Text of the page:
When you form an LLC in Nevada, you’re asked whether the entity will be Member-Managed or Manager-Managed.
The owners of the LLC are called “members.” As owners, members have broad discretion to run the company any way they see fit, restricted only by terms outlined in an operating agreement. For Member-Managed LLCs with no Operating Agreement, the members can do pretty much anything they please with the company. This is one of the many reasons you should have an Operating Agreement. In a Member-Managed LLC, each Member has a say in the daily operations, to the extent of their ownership interest and the amount of consent required for those decisions. If your company will have only a small number of members, who will all participate in the daily operations of the company, and who are all reachable for votes and for recording their consent for decisions, then a Member-Managed LLC may be right for you.
Sometimes, members want to take a more passive role, allowing someone with more management or industry experience handle the day-to-day operations. In a Manager-Managed LLC, a Manager can be appointed (who doesn’t have to also be a member) to be “boots on the ground” while the other members go about their lives. This is particularly helpful where a member has a day job and can’t commit the time to running the LLC and even more helpful where the members have little to no business experience and really shouldn’t be relied on for daily decisions. This structure also makes sense if you have a lot of members and obtaining the consents needed to make decisions is unduly burdensome and slows down the company. We’re working with a client now who wants their kids to be involved in the company, but not that involved, so the Manager-Managed structure allows the kids to have an ownership percentage without really sitting at the decision-making table.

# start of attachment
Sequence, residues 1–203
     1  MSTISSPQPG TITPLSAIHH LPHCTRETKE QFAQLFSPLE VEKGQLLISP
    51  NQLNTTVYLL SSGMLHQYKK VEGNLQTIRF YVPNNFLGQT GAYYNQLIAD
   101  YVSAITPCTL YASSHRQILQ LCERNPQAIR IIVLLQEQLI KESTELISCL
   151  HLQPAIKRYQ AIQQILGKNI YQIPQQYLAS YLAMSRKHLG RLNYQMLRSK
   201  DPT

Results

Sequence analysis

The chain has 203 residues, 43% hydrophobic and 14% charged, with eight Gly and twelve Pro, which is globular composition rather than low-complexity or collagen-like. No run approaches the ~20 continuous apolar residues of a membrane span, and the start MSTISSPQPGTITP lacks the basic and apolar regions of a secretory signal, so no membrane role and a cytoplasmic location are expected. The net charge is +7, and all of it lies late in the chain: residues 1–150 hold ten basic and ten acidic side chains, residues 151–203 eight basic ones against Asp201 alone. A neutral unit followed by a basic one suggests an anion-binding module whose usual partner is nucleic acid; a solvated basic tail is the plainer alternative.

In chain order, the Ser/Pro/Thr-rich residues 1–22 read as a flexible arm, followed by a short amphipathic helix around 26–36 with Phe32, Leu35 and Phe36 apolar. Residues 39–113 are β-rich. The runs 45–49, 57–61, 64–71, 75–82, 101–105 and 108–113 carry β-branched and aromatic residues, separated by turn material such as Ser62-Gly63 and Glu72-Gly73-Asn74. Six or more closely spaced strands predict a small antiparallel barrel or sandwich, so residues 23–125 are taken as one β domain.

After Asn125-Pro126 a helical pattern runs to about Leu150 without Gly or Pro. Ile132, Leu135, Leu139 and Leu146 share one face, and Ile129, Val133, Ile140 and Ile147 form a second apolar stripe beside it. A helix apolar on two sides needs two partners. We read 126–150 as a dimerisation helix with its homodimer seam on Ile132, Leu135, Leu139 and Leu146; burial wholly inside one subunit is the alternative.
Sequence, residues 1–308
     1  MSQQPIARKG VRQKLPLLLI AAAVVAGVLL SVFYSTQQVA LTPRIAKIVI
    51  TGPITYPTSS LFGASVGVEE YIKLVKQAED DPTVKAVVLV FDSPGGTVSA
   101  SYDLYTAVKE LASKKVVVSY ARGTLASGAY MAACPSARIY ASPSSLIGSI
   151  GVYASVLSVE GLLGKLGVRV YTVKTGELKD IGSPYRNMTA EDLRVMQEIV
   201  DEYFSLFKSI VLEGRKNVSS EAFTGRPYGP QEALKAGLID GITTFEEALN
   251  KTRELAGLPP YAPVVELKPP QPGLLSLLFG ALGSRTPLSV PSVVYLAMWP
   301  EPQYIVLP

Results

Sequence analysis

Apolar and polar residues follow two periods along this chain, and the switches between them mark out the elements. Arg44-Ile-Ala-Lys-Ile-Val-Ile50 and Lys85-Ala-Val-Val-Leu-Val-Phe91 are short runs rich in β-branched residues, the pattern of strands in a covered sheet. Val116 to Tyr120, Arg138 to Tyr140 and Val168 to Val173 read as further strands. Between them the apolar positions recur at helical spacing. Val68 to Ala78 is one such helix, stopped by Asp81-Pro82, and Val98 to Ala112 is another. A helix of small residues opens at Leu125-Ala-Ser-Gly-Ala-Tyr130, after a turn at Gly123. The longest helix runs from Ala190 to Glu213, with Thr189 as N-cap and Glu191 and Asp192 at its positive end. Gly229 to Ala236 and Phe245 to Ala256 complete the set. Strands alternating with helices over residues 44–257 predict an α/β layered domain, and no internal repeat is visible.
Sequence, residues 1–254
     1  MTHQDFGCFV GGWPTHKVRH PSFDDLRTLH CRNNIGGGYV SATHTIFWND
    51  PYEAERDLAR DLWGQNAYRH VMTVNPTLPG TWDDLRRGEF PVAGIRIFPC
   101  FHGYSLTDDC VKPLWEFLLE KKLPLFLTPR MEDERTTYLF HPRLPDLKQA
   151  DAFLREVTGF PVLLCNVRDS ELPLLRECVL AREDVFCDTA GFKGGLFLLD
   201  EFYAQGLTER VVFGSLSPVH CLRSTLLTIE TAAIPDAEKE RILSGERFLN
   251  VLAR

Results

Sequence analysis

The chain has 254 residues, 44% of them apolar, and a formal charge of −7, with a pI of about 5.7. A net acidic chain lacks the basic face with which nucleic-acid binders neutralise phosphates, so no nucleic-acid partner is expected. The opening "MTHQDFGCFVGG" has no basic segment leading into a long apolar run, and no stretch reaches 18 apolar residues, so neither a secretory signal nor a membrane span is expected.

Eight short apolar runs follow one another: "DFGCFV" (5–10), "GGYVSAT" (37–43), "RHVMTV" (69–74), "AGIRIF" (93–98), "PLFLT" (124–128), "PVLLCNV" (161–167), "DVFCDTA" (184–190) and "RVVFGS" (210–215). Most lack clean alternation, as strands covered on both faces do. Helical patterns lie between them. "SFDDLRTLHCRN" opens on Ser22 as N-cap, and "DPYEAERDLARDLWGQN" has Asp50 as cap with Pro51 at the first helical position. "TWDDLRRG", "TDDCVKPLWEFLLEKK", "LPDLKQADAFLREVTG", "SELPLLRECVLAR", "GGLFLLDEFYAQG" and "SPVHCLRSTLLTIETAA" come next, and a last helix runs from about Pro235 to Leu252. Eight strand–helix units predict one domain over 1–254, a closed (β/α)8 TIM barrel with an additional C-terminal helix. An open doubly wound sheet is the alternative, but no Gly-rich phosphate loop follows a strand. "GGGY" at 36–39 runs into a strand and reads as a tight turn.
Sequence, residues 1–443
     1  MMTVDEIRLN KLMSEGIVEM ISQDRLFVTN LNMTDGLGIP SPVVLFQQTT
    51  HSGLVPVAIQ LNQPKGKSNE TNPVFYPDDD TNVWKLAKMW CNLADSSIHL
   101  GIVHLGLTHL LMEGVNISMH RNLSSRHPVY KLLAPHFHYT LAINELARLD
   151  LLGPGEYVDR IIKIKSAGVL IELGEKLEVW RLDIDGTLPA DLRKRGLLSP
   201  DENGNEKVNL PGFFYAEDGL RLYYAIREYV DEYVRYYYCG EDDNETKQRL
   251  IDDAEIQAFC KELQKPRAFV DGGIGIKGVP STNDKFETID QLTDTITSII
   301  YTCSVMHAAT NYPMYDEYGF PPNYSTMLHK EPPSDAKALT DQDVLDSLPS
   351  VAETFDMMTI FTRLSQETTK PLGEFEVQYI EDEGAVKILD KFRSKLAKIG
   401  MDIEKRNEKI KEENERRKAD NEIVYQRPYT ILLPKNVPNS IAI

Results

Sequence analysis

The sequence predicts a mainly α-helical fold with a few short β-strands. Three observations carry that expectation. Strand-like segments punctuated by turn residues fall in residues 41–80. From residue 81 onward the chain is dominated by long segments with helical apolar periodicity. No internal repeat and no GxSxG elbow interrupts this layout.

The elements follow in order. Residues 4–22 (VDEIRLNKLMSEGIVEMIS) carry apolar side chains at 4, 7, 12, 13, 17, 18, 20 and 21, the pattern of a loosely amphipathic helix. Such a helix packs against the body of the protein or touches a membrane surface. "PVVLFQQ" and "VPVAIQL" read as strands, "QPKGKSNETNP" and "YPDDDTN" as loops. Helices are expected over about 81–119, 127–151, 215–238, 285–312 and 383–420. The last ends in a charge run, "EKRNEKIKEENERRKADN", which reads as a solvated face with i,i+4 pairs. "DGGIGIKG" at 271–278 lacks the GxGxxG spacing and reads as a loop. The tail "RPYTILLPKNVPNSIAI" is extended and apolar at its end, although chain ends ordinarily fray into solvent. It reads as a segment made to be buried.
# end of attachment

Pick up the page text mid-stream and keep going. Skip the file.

Your Operating Agreement can outline the actions a Manager can take without vote of the members, and the actions the Manager can’t take without consent of the members. Usually, the Manager can make decisions as if he/she were the sole owner of the company, but can’t make certain significant decisions without unanimous consent of the members. These “significant” decisions often include adding new members, changing the ownership percentages, modifying the operating agreement, or selling the company, but the Operating Agreement can be modified according to what works best for your operations.
Keep in mind that because the Manager isn’t necessarily an owner of the company, you may need to supply a copy of your Operating Agreement or a company resolution to prove that the Manager has the authority to take the action he/she is trying to take. As an example, local licensing bureaus and banks will want to make sure the Manager has the authority to apply for licenses or open a bank account and will look to the Operating Agreement for verification.
One other potential benefit of a Manager-Managed LLC is that, at least in Nevada, only the Manager(s) name appears on the entity record with the Secretary of State. This provides a little bit of anonymity for a member who wants to remain in the background.
Regardless of the type of LLC you choose, you should always have an Operating Agreement drafted by a competent (human) business attorney. As we’ve said before, partnering up with someone in business is like getting married; your Operating Agreement is your pre-nup.